Positive, "universal" Yeats poems?
January 25, 2008 5:01 PM   Subscribe

I'm seeking a W.B. Yeats poem that's as "positive" and as "universal" as possible -- specifically, that doesn't talk about death, or aging, or romantic love -- and that isn't spoken by, or addressed to, one individual who's clearly female or male.

For example, a positive or hopeful, third-person poem that's about nature or beauty or something abstract?

The fixed requirements for this are that it has to be by Yeats but it shouldn't be "romantic/sexual or morbid/negative" -- which seems to knock out most of Yeats, right!?

I started checking out his poems that are explicitly about youth or about nature but, not surprisingly, those seem to often be really about aging.

I've been randomly clicking on a lot of the poems in those books in my first link, and I haven't found even one yet that's ideal. Closest I've found are The Cat and the Moon (which is interesting and non-negative and third-person but still not quite the positive "daytime" sort of poem I'm hoping to find).
posted by lorimer to Writing & Language (10 answers total) 1 user marked this as a favorite
Lake Isle of Innisfree?
posted by LobsterMitten at 5:06 PM on January 25, 2008

Excellent!! (The Innisfree one is a perfect length for me too -- a few short stanzas.)

More please!
posted by lorimer at 5:12 PM on January 25, 2008

Lake Isle of Innisfree?

That one's about death.

Who Goes with Fergus mentions "love's bitter mystery", but only in the context of that which is not to be dwelt upon. It's got woods, and the sea, and stars; I think it's pretty uplifting.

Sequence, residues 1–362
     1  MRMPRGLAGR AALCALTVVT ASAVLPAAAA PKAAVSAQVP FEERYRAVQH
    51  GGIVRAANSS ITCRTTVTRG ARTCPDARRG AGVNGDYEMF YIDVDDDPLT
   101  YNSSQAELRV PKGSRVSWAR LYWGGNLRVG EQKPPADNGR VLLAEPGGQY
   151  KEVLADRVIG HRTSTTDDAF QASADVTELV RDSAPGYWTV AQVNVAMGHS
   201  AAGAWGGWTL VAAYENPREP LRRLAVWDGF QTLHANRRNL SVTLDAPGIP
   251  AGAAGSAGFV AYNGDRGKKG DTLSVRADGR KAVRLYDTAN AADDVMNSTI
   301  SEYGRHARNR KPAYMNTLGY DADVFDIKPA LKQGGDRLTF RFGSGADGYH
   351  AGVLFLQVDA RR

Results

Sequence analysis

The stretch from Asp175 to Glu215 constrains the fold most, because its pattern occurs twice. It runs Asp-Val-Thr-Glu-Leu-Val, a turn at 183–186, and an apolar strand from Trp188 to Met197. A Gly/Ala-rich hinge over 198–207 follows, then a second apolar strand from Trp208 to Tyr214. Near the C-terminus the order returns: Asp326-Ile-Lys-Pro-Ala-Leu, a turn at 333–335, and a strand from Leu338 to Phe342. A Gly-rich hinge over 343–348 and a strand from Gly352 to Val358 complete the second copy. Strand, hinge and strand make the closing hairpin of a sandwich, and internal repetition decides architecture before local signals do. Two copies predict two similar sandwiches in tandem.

posted by mr_roboto at 5:12 PM on January 25, 2008

Hmm, a tall order: Yeats was all about the melancholy and the lost love and the grand tragedy of Ireland.

Having said that, maybe In the Seven Woods, At Galway Races, or To a Child Dancing in the Wind?
posted by scody at 5:21 PM on January 25, 2008

Yeats doesn't seem to mean Innisfree as a death metaphor -- on googling it looks like that poem is really based on his fantasy of Walden-like living as described later in his autobiography.
posted by lorimer at 5:27 PM on January 25, 2008

I don't take the Lake Isle to be about death.

Even so, Yeats is always going to be wistful and including the dark with the light. Even when he's talking about a peaceful place there is that tone of "what if?" or "what will come next?", transience. He's not going to be only sunny.

Some of his poems can fake out an inattentive audience. Depends what you're doing with this.

Wild Swans at Coole maybe. Again it's about transience or even mortality, but could probably be spun to sound positive/awestuck by nature.

What do you need the poem for?
posted by LobsterMitten at 5:30 PM on January 25, 2008

An Appointment can be light and funny.
posted by LobsterMitten at 6:02 PM on January 25, 2008

this is for a young teenager or teenagers to perform out loud for a school thing, so a poem that's 'musical' and lyrical and conducive to being spoken aloud is best.
posted by lorimer at 7:18 PM on January 25, 2008

I assume there's a reason it has to be Yeats... but in case you have any latitude on that score, I keep thinking of a Gerard Manley Hopkins poem (The Windhover) that might fit your requirements better than anything by Yeats.
posted by scody at 12:57 AM on January 26, 2008

Fiddler of Dooney!
posted by TigerCrane at 5:41 PM on February 7, 2008

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